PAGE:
Obama prods Congress for immigration reform 

President Obama issued his strongest call for overhauling a "broken immigration system" Tuesday along the U.S.-Mexico border, urging a largely disinterested Congress to pass legislation he argues will have deep economic benefits.

The speech in El Paso was largely devoid of specifics or a timeline for an immigration blueprint but more of a political call to action for reforms that have little-to-no support in conservative circles.

Obama argued that his administration made major strides in securing the border — a precondition for many Republicans — paving the way for a larger overhaul of the immigration system.

"We have gone above and beyond what was requested by the very Republicans who said they supported broader reform as long as we got serious about enforcement," he said to a mostly supportive crowd.  "But even though we’ve answered these concerns, I suspect there will be those who will try to move the goal posts one more time."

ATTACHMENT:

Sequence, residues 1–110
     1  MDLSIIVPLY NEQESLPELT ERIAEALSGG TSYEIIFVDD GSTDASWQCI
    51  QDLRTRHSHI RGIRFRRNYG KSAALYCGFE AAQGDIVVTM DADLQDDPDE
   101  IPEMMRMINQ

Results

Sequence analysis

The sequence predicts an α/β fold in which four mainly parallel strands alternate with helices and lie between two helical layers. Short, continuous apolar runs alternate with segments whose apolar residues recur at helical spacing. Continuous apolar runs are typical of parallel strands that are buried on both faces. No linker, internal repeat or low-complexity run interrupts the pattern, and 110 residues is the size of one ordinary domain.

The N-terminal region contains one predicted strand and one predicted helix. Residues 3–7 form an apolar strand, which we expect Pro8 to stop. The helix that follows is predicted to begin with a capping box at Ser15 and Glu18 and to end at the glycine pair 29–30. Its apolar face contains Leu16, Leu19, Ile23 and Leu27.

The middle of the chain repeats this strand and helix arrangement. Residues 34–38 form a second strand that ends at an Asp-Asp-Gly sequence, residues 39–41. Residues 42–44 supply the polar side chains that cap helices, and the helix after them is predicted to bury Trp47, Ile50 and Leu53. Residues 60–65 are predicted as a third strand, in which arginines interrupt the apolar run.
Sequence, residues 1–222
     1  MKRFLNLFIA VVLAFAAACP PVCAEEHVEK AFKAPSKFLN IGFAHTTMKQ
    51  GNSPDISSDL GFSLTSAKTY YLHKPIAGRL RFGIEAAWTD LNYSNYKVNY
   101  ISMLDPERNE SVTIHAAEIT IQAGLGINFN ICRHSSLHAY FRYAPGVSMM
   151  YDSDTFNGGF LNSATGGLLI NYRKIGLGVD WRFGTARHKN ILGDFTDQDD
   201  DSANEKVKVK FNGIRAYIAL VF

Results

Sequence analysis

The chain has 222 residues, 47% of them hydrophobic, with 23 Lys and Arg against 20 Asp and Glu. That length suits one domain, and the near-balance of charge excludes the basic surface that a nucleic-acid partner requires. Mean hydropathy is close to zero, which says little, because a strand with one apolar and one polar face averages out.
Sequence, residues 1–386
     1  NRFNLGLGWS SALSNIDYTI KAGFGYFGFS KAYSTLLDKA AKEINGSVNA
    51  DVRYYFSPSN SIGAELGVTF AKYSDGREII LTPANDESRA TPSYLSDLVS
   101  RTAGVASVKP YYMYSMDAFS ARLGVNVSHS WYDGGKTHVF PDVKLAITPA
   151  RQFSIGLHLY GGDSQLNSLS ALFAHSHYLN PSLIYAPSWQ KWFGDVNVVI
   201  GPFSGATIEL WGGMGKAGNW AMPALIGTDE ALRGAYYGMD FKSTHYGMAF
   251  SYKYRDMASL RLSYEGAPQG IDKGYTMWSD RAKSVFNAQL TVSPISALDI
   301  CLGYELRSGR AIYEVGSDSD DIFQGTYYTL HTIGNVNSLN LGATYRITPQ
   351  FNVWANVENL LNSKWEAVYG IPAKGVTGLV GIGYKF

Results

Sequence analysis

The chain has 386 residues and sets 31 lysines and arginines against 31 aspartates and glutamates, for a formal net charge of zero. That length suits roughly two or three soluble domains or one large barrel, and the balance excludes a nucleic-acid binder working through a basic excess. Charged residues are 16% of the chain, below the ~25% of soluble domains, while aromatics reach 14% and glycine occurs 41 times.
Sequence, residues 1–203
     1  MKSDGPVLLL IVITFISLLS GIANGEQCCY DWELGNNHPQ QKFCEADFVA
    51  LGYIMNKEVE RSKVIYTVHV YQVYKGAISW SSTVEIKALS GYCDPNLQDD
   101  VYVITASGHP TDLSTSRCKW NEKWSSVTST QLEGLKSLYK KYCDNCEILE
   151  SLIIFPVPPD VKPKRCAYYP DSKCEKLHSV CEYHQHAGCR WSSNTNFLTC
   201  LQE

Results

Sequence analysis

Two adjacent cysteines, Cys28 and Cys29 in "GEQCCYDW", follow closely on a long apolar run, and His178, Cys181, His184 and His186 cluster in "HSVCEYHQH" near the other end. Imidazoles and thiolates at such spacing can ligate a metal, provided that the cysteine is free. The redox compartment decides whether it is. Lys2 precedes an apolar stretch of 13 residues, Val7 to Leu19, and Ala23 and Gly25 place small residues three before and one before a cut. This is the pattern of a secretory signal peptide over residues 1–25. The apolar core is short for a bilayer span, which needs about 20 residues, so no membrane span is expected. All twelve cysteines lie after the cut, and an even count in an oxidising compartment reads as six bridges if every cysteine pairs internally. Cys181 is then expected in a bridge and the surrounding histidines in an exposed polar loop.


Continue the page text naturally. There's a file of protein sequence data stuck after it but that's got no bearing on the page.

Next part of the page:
He later quipped, "Maybe they’ll say we need a moat. Or alligators in the moat. They’ll never be satisfied. And I understand that. That’s politics."

However, Obama also defended a record number of deportations under his watch, a major point of contention for liberal and immigration advocates.

"I know that the increase in deportations has been a source of controversy," he said. "But I want to emphasize: We are not doing this haphazardly; we are focusing our limited resources on violent offenders and people convicted of crimes; not families, not folks who are just looking to scrape together an income. As a result, we increased the removal of criminals by 70 percent."

The speech is unlikely to produce political results, however, as Republicans have widely balked at the types of reforms he outlined, particularly creating a pathway to citizenship for illegal immigrants already living in the United States.


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Brian Hughes

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